The God Who Isn’t

I am going to start out with a statement that may cause some of you to scratch their heads: Many Christians believe the same things about God that many atheists do.

The problem is that western theology tends to build God-constructs–that is, a set of definitions about who God is. We can look up “God attributes” on the interweb and find many different lists of things that supposedly define who God is. And then, of course, there are images of God from the Old Testament that curiously don’t look much at all like Jesus. What you then have is a God-construct. Not God, but a mental golden idol that takes the place of God. In other words, a God who isn’t, which makes this god substitute easy to not believe in.

So again, many Christians believe in a God-construct that many atheists can’t believe in. (Many athests will say “I don’t believe in any god,” but I have a hunch that at least in the Western world, their mental image of God looks a whole lot like this God-construct.

The Eastern Orthodox church (which is the best reflection we have of the early church) uses something they call apophatic theology, which is focused on defining who God isn’t. In the West, we are obsessed with definitions and categories and boxes. If we don’t have a box to put something, we must create one, as soon as possible. It’s makes us nervous to have something that can’t be defined or contained in some kind of human construct.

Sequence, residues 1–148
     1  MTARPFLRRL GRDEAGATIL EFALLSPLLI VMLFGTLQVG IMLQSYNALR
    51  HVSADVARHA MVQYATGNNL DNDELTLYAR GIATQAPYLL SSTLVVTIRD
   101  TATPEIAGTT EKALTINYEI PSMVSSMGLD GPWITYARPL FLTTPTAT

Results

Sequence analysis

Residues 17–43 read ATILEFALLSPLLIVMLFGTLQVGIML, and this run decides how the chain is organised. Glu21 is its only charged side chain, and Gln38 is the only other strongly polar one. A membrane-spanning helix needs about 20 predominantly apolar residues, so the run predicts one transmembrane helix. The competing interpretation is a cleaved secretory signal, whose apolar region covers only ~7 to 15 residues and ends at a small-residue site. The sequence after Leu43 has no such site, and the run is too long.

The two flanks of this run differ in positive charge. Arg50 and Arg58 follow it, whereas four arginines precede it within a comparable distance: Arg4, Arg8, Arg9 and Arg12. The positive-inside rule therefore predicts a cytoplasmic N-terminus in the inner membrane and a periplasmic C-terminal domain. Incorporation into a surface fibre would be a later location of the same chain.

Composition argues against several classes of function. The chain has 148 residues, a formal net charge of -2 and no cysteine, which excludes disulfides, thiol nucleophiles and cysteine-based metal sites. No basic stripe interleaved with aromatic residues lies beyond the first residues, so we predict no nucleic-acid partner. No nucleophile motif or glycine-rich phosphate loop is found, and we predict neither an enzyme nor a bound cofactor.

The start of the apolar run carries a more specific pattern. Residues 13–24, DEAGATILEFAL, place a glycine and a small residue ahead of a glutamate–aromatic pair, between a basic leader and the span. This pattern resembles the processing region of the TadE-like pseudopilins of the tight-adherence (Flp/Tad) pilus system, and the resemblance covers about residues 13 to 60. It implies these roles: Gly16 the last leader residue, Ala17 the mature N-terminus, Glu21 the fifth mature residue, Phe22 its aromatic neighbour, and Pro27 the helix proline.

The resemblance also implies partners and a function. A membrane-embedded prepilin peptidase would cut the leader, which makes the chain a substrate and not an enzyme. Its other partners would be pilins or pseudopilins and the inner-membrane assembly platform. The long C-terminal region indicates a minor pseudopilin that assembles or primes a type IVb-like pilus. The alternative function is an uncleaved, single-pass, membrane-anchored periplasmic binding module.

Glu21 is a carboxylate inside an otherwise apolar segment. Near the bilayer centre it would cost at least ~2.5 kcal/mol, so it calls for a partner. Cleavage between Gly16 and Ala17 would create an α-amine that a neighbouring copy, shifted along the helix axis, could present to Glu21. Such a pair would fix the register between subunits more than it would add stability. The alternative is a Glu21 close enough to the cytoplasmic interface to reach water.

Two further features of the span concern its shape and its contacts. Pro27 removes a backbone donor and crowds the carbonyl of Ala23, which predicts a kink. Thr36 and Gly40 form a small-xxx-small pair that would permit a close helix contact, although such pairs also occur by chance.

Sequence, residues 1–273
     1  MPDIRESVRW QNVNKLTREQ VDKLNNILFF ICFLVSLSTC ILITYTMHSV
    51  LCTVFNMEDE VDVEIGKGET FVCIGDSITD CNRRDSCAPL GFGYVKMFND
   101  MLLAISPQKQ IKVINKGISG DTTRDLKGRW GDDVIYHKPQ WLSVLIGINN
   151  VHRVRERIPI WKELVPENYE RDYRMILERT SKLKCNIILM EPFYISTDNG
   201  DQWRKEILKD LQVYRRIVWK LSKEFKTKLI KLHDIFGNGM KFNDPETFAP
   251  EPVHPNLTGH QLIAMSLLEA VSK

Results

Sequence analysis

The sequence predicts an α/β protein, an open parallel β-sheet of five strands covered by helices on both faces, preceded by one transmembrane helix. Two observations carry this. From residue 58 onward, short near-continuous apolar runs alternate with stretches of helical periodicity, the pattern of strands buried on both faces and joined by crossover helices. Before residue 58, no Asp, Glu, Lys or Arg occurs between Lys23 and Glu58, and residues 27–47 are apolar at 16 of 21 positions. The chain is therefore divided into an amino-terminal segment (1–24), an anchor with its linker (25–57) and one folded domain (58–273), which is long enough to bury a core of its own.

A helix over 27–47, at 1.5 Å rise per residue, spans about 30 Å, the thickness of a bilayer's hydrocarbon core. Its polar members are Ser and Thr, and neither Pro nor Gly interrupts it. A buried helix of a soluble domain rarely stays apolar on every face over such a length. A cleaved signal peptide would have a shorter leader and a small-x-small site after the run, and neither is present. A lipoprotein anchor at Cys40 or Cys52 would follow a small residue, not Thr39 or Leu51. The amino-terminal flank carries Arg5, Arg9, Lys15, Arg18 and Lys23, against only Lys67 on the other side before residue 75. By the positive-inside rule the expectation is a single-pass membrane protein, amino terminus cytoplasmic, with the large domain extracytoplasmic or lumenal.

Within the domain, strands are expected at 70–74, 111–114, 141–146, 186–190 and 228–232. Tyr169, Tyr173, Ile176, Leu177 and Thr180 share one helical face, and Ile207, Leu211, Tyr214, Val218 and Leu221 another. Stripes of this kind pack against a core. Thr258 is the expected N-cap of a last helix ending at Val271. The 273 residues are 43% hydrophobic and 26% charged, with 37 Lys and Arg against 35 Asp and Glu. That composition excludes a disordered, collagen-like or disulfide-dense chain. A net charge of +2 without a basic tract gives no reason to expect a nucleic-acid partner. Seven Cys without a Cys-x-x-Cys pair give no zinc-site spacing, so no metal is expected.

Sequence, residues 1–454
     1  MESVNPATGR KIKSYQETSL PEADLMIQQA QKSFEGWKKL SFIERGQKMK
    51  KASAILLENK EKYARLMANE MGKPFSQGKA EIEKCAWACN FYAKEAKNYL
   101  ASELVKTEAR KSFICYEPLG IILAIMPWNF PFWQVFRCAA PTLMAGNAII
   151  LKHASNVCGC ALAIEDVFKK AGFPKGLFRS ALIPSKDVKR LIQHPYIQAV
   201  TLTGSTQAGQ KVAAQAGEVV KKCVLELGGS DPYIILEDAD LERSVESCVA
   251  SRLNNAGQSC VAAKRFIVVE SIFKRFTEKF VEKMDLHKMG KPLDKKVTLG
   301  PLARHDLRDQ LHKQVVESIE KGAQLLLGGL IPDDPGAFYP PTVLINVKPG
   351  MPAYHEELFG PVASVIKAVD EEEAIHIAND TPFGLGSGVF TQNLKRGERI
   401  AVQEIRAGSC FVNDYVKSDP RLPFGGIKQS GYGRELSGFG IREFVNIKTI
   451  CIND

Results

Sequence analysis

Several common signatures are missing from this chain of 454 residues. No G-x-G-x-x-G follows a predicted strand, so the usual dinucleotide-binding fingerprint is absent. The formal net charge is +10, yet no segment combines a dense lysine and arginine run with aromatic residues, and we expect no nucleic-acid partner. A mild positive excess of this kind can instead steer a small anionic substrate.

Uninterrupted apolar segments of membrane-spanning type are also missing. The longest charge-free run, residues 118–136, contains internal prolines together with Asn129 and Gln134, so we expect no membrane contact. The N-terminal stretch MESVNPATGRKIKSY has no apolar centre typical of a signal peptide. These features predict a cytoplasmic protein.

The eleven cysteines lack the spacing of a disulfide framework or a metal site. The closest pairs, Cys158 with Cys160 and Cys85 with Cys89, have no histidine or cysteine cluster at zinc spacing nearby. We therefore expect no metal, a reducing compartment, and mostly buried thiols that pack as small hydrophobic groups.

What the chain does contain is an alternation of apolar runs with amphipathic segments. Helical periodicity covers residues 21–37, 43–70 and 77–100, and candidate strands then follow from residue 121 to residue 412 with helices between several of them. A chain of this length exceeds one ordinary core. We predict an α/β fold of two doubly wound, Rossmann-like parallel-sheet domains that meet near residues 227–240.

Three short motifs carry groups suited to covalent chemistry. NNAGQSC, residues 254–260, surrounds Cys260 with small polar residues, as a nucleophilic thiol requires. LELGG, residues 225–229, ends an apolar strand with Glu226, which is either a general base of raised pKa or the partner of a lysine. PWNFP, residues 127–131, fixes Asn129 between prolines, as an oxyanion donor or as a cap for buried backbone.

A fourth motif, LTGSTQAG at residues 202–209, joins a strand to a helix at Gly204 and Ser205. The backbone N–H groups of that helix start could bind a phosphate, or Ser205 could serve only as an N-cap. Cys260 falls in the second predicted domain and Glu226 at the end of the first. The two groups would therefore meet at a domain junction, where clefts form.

Rather, the Eastern Church recognized centuries ago that to try to define God is to create heresy. God is simply bigger than our human ability to understand. For example, any attempt to define the concept of the Trinity will always result in heresy. It’s easier to specify what the Trinity isn’t, which then leaves room for a lot of unknowns–better known as mysteries.

So, the answer to questions like “how can one God be three persons?” is best answered by saying “I don’t know.” We can say that they are not 3 separate Gods, we can say that God the Father didn’t become Jesus which became the Holy Spirit, and so on, which rules out some heresy while leaving plenty of room for mystery.

I believe in a God who isn’t capricious. I believe in a God who isn’t angry with us. I believe in a God who isn’t… well, you get the idea. Atheists may still not believe in God, but at least they will not be distracted by disbelieving a false god-construct. And maybe we can start believing in a God who is, mysteries and all.

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